A short time later we left the store, new purchases in hand, and headed to a place more my speed – UnderArmour. I had asked at Brooks Brothers for directions to the UA outlet since it was frigidly cold and we weren’t feeling up to wandering around the outdoor mall. As we were browsing the running gear an employee approached me to inform me that I had forgotten my phone at the Brooks Brothers store. Apparently, one of the employees there had made the effort to track us down to notify us of our oversight. Wow. Thoughtful initiative? Yes, please and thank you. Well done.

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Filed under birthdays, Recommendations, road trips, Uncategorized, writing

Coming clean

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I’ve got a thing about soap. Growing up, it was all about Ivory and sometimes, if I could get my hands on my mother’s, Dove. To this day, the scent of either can bring me right back to childhood. Not a bad thing at all, unlike that time when I washed my face with the new soap I found next to the bathroom sink. That one experience with Lava convinced me to never use anything that wasn’t described as “mild” or gentle. Lesson learned.

For the last 20 years or so my favorite soaps are from a company called Pre de Provence. They’re gentle and come in a great variety of different scents, my favorites being the hard to find eucalyptus, sage and, in summer, cocoa butter or verbena. They’re obviously more expensive than what I grew up using, but the bars last a really long time making them a modest indulgence.

A couple of winters ago I discovered the Bliss Mammoth Minty Bar – a huge slab of soap with bumps on one side for massage and gentle exfoliation. Amazing! This soap is as close to a life changer as I have ever experienced in the shower and when I received a surprise bar for Christmas, I couldn’t have been happier.

Speaking of gifts, I was lucky enough to be given a few bars of soap last fall for my birthday that I’m still working my way through. They’re from Chasworth Farm Soaps, a company in Saint Albans, VT and the fragrance these babies emit is heady! I’ve got the egg yolk and honey bar, as well as a lavender thyme one still to go.

Despite my extensive soap experiences I still haven’t explored the local market as I should. I hear really great things about Rad and their new space in Stuyvesant Plaza looks fantastic. Have you checked them out yet? How do you wash your daily grime away?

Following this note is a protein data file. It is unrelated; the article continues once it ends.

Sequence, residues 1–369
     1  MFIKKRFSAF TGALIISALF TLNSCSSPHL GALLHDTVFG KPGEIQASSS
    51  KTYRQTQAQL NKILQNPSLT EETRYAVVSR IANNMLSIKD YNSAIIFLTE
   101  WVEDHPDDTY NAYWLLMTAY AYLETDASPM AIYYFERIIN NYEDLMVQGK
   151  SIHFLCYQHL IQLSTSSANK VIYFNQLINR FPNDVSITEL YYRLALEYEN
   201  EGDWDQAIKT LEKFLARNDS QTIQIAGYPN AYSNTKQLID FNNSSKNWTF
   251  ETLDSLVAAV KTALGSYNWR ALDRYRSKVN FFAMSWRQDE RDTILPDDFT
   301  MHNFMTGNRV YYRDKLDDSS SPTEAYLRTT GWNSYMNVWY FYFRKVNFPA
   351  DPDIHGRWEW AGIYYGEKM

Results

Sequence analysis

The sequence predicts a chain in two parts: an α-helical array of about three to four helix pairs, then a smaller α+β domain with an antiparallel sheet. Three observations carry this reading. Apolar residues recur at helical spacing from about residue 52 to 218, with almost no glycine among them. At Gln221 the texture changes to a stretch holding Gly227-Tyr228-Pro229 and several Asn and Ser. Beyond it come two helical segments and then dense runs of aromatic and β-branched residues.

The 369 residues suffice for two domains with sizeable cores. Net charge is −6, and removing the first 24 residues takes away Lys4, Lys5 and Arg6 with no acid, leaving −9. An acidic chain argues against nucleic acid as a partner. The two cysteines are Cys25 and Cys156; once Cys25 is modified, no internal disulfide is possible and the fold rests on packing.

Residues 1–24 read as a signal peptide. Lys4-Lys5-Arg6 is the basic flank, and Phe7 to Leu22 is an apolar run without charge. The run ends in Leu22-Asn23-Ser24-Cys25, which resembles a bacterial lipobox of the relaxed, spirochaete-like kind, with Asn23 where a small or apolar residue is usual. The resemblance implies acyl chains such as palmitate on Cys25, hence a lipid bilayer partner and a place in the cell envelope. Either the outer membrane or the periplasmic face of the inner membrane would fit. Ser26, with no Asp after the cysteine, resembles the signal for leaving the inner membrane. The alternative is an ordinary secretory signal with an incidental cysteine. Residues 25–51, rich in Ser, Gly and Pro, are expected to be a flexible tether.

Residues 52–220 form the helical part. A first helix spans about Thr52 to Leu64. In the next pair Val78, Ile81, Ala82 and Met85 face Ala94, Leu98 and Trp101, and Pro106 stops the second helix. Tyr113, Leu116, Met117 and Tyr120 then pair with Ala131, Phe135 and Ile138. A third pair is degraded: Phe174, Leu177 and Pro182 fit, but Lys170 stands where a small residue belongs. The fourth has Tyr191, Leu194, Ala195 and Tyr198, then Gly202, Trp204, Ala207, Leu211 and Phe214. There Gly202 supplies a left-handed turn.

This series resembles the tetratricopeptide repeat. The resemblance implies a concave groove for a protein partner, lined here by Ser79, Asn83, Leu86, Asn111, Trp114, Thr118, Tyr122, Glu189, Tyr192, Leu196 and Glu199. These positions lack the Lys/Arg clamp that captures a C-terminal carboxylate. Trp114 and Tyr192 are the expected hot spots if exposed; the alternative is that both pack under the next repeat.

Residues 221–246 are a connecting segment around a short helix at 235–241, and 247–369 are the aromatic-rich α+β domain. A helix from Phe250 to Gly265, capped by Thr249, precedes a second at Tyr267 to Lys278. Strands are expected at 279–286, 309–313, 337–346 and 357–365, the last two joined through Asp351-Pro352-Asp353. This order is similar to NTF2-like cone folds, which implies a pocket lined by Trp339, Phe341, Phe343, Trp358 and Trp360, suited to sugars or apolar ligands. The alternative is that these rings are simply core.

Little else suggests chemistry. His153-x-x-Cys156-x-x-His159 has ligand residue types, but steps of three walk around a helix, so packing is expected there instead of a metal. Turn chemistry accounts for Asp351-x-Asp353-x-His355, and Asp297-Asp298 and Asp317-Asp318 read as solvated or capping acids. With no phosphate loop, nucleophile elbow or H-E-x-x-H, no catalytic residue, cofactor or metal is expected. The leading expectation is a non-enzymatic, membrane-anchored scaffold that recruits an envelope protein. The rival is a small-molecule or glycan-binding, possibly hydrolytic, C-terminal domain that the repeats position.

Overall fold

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The New York Times: all the recipes fit to cook

image: rubylane.com

image: rubylane.com

One of the things I really miss about my life pre-restaurant ownership (in addition to loved ones, fretless sleep and true downtime) is cooking. Remember the days when I would have recipes and pictures posted here of yummy food made in my very own kitchen? These days, I’m lucky if I cook an evening meal for my family twice a week. Well, three if you’re willing to count grilled cheese and ramen. While it is certainly a luxury to eat meals prepared, served and cleaned up by others, I definitely miss being in my own kitchen puttering around sometimes.

During a recent break from school, I took advantage of having some extra time by indulging myself in a little kitchen therapy. Actually, I indulged all of us now that I think about it. One of the items I prepared was a new recipe while the other was an old favorite. Both were from recipes I had originally found in the New York Times. Maybe you don’t think of the NYT as a source for recipes, but my vintage copy (1966, baby!) of the NYT Cookbook would prove you wrong. It is one of my favorite recipe collections and I refer to it frequently.

The sides puffed up remarkably.

The sides puffed up remarkably.